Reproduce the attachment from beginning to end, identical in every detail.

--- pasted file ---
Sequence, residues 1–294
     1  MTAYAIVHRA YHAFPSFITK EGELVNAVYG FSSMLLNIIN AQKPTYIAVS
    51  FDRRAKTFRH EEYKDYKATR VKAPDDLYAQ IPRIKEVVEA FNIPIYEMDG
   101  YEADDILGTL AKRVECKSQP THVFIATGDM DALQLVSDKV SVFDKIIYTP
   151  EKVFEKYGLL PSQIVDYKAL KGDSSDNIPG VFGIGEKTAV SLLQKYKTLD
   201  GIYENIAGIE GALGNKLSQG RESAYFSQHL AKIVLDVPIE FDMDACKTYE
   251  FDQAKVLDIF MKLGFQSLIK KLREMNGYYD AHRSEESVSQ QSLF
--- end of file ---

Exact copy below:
Sequence, residues 1–294
     1  MTAYAIVHRA YHAFPSFITK EGELVNAVYG FSSMLLNIIN AQKPTYIAVS
    51  FDRRAKTFRH EEYKDYKATR VKAPDDLYAQ IPRIKEVVEA FNIPIYEMDG
   101  YEADDILGTL AKRVECKSQP THVFIATGDM DALQLVSDKV SVFDKIIYTP
   151  EKVFEKYGLL PSQIVDYKAL KGDSSDNIPG VFGIGEKTAV SLLQKYKTLD
   201  GIYENIAGIE GALGNKLSQG RESAYFSQHL AKIVLDVPIE FDMDACKTYE
   251  FDQAKVLDIF MKLGFQSLIK KLREMNGYYD AHRSEESVSQ QSLF